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Speak City

3 min excerpt

Lisa Steele & Kim Tomczak. 2007. HD video, colour, sound. 30:25

Speak City (Lisa Steele and Kim Tomczak, Canada) [v/s/p] A deceptively subtle and rigorous videowork that directly engages issues of site-specificity, Speak City is worth seeking out, especially in a setting like TIFF where it could easily get lost in the shuffle. On the face of it, all Steele and Tomczak have done is shoot static footage of Toronto street signs, fading one into another in the editing process. The blue street signs are shot in close-up, dominating the entire middle third of the frame in most cases, sometimes even a bit more. The choice of fades is careful but not at all overbearing in its formal language. Although there are frequently homologies from one images to the next — the position of a telephone pole, the direction of swaying foliage, the relative position of the waterfront, etc. — sometimes these visual rhymes are so subtle as to elude perception, and on multiple inspections I can attest that in other cases they are not there at all (although bear in mind, I was given a preview disc that simply excerpts the final piece). But what the conjunctions of the two streets usually do accomplish is the drawing of a specific linear form through mapping. If, for example, you Mapquest some of the instances when street numbers as well as names are given, you will find that Steele and Tomczak’s start and endpoints are very close to one another, but actually driving between the two points entails an out-of-the-way Big Dipper shape around several city blocks. In addition to offering a wry commentary on the foibles of automobile traffic vs. pedestrian life — “you can’t get there from here” — Speak City also seems to have a purely formal element, using these pairs of addresses as mapped components of a prospective public drawing assignment, reorganizing Toronto according to interlocking minimalist units not unlike Sol Lewitt open-cubes. Steele and Tomczak would seem to understand that most of this will be hard to grasp even for the locals, but virtually lost on out-of-towners. When one considers not only the underlying cultural politics of TIFF — its necessary relationship to film industry interests vs. its struggle to maintain its key role in Canadian cultural identity, as well as the larger film industry’s ever-expanding effort via tax shelter to turn Canada’s major cities into “any-space-whatever” — Steele and Tomczak are to be commended for using their commission to consider Toronto itself.”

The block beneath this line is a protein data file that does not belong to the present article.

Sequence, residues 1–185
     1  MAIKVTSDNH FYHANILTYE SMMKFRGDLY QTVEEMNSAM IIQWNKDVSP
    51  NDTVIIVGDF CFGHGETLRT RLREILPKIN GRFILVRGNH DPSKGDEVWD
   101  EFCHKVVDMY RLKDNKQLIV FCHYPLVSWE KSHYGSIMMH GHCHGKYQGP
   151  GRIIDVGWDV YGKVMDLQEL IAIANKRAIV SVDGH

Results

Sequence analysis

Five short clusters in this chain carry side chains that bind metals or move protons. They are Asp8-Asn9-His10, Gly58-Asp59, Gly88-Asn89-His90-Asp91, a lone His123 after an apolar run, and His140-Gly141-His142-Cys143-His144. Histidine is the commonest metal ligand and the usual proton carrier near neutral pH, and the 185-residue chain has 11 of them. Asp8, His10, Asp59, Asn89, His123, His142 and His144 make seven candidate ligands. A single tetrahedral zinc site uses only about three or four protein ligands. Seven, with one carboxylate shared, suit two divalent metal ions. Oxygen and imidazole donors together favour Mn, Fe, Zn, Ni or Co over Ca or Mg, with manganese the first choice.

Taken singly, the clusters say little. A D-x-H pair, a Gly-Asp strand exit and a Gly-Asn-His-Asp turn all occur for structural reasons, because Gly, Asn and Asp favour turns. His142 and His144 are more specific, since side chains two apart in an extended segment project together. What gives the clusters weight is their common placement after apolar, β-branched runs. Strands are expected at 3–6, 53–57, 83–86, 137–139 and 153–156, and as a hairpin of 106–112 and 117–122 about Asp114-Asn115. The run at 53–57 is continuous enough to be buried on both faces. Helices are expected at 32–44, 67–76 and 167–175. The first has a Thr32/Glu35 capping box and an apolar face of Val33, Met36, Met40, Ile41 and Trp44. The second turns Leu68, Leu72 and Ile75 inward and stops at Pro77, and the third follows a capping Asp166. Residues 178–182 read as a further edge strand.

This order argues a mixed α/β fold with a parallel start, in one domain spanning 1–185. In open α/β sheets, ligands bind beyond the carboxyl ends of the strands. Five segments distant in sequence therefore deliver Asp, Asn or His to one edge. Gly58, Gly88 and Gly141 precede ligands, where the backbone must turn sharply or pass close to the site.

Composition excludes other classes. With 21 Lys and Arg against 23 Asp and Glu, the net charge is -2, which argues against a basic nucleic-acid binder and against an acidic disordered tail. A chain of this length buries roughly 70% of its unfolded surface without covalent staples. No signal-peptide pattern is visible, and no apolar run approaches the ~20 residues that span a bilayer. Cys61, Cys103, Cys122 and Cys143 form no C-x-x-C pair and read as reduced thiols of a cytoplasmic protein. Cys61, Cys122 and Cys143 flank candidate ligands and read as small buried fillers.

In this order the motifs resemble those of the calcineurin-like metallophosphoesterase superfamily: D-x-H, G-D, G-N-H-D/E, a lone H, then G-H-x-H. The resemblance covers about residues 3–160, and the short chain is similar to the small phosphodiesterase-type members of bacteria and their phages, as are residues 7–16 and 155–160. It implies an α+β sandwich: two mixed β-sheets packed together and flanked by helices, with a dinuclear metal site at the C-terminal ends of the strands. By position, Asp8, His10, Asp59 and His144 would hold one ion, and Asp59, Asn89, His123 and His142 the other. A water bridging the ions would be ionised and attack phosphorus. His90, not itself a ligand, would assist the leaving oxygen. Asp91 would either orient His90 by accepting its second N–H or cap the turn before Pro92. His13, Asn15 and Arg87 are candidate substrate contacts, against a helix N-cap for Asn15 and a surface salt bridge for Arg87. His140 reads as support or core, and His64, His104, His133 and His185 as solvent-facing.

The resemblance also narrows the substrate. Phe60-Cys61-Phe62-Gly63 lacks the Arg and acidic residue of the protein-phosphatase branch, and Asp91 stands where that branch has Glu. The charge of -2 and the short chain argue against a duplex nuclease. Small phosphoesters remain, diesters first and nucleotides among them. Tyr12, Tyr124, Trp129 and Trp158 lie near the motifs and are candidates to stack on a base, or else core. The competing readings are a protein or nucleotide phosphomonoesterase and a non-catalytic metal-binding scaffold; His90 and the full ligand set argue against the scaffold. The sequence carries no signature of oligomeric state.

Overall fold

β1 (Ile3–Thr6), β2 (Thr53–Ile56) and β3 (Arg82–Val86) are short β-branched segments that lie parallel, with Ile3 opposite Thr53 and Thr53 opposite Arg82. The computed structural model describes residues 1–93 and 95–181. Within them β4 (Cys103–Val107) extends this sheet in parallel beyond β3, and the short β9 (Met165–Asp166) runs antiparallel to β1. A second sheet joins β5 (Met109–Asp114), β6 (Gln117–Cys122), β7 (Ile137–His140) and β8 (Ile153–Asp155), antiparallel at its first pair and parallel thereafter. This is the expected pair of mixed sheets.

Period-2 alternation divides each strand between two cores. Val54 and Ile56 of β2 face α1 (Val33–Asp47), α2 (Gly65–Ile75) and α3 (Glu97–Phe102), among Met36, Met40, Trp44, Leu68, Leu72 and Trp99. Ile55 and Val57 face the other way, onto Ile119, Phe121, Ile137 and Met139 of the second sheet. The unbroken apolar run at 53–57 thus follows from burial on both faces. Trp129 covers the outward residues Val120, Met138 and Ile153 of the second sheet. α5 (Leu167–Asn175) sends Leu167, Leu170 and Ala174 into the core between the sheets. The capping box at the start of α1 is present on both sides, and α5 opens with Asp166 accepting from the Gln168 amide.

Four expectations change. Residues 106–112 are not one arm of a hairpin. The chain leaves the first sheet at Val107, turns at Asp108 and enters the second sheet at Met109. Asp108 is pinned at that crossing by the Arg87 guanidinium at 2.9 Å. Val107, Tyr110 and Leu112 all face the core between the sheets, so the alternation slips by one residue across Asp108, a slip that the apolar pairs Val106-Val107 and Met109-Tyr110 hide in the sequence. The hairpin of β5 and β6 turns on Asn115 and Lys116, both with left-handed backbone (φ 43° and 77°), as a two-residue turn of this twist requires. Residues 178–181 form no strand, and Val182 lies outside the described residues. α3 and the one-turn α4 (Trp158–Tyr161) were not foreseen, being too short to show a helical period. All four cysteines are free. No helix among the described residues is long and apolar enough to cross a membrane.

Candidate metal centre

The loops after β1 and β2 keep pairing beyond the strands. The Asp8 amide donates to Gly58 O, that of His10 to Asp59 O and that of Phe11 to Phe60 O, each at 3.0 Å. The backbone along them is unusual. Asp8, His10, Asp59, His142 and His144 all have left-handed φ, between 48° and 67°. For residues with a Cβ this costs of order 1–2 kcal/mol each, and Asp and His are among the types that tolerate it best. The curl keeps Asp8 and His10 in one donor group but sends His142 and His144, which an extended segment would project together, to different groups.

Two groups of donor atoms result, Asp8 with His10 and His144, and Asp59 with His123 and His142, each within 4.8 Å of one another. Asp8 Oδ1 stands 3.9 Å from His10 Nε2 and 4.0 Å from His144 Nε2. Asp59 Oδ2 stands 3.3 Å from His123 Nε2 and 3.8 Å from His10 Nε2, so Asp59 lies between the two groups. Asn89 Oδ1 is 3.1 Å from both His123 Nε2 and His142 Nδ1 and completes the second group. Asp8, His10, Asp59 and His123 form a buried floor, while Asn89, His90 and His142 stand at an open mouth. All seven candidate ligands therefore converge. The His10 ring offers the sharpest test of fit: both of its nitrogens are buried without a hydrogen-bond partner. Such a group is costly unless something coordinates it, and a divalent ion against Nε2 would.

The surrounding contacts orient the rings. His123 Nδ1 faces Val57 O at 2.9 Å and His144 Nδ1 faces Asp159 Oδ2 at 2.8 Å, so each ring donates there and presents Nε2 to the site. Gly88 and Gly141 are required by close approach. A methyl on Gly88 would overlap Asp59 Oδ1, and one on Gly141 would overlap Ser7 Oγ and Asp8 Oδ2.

-From the Academic Hack by Michael Sicinski, a writer and teacher based in Houston

Mike Hoolboom, “Kim and Lisa,” Wharf 2000-2012, Gilles Forest, ed. (Wharf, Centre d’art contemporain de Basse-Normandie, Hérouxville Saint-Clair, France, November 2012). 744-761.

Speak City in the TIFF 2009 catalog

Lisa Steele & Kim Tomczak: Urban Renewal. Canadian Art Magazine Online. April 15, 2010.

Cartel, Anne. Lisa Steele & Kim Tomczak. Artpress 367 May 2010: 91. Print.